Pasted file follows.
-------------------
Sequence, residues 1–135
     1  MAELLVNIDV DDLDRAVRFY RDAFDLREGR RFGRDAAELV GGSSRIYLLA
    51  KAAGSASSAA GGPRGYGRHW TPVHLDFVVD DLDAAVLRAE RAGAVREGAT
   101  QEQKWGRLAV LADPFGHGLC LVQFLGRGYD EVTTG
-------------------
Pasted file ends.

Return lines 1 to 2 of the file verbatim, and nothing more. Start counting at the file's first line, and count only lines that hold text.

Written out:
Sequence, residues 1–135
     1  MAELLVNIDV DDLDRAVRFY RDAFDLREGR RFGRDAAELV GGSSRIYLLA